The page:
By Susan Wilson
Guest Columnist
Oak Bluffs, MA, USA

A number of weeks ago I participated in a panel discussion on the topic of getting one’s book turned into a movie. I was in very good company: an Academy Award-winning screenwriter/novelist, who moderated the discussion; a Pulitzer Prize-winning novelist; and, a director-producer of a very successful high-budget action film. We sat in the sun-filled gallery of our local arts center, a gorgeous blue-sky August day behind us, an enthusiastic audience before us. To start the discussion, our moderator threw out a question to the audience: “Have you ever thought that the book you’re working on would make a great movie?” A show of hands revealed just how pervasive that dream is. 

You may be wondering how little old me got asked to be on such an illustrious panel. Well, oddly enough, I’ve been hit by movie lightening once, and grazed by it another time. Let me explain. In 1996, my first novel, Beauty, was released to underwhelming acclaim. Nonetheless, through the good offices of my agency’s LA co-agency, it was picked up by a production company. (I’m a little vague on the details, so bear with me.) Beyond receiving the check for the option, we never heard another word. If I asked about it, and I’m sure I did, I was told that most of the time nothing happens and the option lapses. No harm no foul. Sometimes the option will be picked up by someone else, sometimes it just goes to where options die. 

Beauty - Movie Poster

Except!! One afternoon my agent called to say that the darn thing had not only been made into a film, but Beauty would be featured as a CBS Sunday Night Movie! Not one word from the producer prior to this announcement. If I’d been expecting or hoping for something along the lines of: “Hey, wanna check out the screenplay, give it your approval?” Or, “Maybe you want to visit the set?” Or, even, “Want to be a walk on? Meet the actors? Schmooze a little in LA?” Nada. Bought, made, and about to be broadcast. I thought this was normal. Another, nicer, check arrived. 

As television movies don’t have red carpet premier nights, I made one up. We invited a bunch of friends, dressed up, bought Champagne and I even donned my daughter’s Junior Prom Queen’s tiara. Now, this was 1998, and normal folks didn’t own television sets larger than refrigerators at that time, so we rented as wide a screen television as we could find and set it up on top of a cabinet so that everyone could see it. We ate; we drank; we waited. This was Sunday night in the fall. This was football season. There was a particularly long game being played (again, this is 1998, football could take six hours what with all the huddles). It was nigh unto ten o’clock in the evening when Beauty the movie was finally on. In the meantime, the Champagne was gone, everyone was a bit tiddly, and I found myself too nervous to actually watch the thing. These were friends, but was I about to embarrass myself in front of them with a schlocky made-for-TV movie?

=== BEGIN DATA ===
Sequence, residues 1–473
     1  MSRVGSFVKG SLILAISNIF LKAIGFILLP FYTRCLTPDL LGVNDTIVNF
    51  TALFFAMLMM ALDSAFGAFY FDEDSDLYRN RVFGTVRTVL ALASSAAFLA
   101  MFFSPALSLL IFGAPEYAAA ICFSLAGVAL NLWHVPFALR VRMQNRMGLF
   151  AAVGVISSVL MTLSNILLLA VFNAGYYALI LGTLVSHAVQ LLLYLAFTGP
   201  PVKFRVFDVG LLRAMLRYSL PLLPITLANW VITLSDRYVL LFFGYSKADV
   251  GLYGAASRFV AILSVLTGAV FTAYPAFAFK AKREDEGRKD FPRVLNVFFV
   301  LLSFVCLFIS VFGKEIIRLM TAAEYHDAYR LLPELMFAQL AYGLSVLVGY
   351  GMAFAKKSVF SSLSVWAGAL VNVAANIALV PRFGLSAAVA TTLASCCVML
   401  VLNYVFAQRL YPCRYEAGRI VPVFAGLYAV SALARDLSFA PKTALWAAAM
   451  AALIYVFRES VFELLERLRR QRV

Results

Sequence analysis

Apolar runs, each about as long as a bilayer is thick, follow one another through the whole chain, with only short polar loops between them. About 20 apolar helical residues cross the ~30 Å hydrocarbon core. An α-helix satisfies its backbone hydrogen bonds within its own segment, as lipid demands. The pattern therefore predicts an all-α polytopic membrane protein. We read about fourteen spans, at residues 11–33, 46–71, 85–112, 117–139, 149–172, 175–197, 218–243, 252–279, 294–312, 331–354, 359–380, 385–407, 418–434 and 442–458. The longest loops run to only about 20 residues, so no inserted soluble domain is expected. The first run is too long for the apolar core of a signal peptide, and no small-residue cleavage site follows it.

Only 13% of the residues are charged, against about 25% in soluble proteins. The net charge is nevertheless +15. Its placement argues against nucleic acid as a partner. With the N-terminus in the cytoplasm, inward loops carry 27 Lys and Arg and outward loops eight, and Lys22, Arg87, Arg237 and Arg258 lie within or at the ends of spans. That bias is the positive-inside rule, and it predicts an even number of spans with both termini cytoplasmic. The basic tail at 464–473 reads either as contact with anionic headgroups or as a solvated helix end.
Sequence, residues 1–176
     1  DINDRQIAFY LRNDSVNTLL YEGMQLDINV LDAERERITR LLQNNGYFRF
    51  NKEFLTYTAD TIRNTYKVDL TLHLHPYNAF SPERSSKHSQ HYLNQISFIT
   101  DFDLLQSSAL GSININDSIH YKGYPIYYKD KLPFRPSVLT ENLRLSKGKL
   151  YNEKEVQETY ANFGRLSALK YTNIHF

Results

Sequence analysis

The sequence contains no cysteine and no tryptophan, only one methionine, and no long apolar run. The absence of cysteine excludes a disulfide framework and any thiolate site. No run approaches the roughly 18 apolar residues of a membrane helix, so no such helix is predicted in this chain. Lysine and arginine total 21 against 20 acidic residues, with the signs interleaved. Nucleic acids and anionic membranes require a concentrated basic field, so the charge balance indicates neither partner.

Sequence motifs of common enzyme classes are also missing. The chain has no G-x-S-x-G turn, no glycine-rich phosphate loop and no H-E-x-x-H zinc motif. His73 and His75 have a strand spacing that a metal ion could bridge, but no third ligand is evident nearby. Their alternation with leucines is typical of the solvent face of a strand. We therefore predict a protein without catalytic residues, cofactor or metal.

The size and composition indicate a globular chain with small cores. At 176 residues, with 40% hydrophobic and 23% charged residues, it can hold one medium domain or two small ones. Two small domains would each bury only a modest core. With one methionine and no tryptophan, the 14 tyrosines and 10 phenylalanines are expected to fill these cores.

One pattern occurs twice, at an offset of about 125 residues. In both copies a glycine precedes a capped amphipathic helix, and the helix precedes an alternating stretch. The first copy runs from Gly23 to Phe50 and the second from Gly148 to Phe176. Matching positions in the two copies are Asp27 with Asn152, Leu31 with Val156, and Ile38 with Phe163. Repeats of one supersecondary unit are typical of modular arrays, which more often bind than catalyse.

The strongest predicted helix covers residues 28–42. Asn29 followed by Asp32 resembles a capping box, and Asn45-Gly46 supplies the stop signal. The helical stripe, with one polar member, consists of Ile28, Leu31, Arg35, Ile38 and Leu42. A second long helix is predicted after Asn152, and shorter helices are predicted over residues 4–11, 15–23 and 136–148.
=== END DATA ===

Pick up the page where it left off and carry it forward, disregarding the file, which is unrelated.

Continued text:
About midnight, the homegrown premier party wrapped up. (As an aside, my 102-year-old Cuban refugee neighbor was the last to leave. God rest her soul; she was a party animal.) I realized then that I had no recollection of any of the show. Was it good? Did I look like a fool trying to retell the beloved Beauty and the Beast fairy tale? Did Janine Turner and Jamey Sheridan and Hal Holbrook inhabit the creatures of my mind with verisimilitude? I have no idea. I went to bed.

Susan Wilson
It might have been three months later when I chanced to be home alone. I slipped the tape that the production company had sent me into the VCR (again, it’s 1998). Without commercial interruption, without anyone else there to broadcast a false thumbs up or, worse, a flinch, I sat and watched my words, my story, my vision come to life and breathed, finally, a sigh of relief. It was just fine.

A postscript to this once in a lifetime experience. When I wrote the book, it ended a bit happily ever after because, after all, it was based on a happily-ever-after tale. My editor at the time, highly respected, and a goddess to me because, well, because she liked my work and gave me a chance, decreed that it was too H-E-A. I tacked on an unhappily ever after ending for which I received many an angry letter. Even friends berated my going for the tearjerker. To my everlasting joy, the producers of “Beauty, the CBS Sunday Night Movie,” ended the film at exactly the point I had ended my original manuscript. I was validated!!

Lest you think that once a novelist hits the Holy Grail of book-to-film it happens on a regular basis. I’m living proof that is a false notion. Eleven books in, only one other has ever been optioned. For those who are unfamiliar with the term “option,” it means your work is held in the clutches of someone who really really wants to make it into a movie and is willing to keep giving you some money to prevent anyone else from doing it. They are renewable resources, these options. An annuity of sorts. One Good Dog has been optioned, and that option renewed several times over the last seven years. My option holder is sincere and working toward the ultimate goal of production. The obstacles to that goal are many and varied and pretty expensive. I get updates annually, always upbeat, always optimistic. A new producing partner has been found, a new screenwriter, a discussion with a high-profile, yet unnamed actor has been had. One more year, maybe two. Let’s just say that I’ve stopped planning my outfit for the Academy Awards. 

I am patient. I am sanguine. We have a motto in our family: What will be will be and if it’s meant to be it will happen.  



Susan Wilson is a New York Times bestselling author. Her latest novel is Two Good Dogs.

All opinions expressed are solely those of its author and do not reflect the opinions of Stay Thirsty Media, Inc.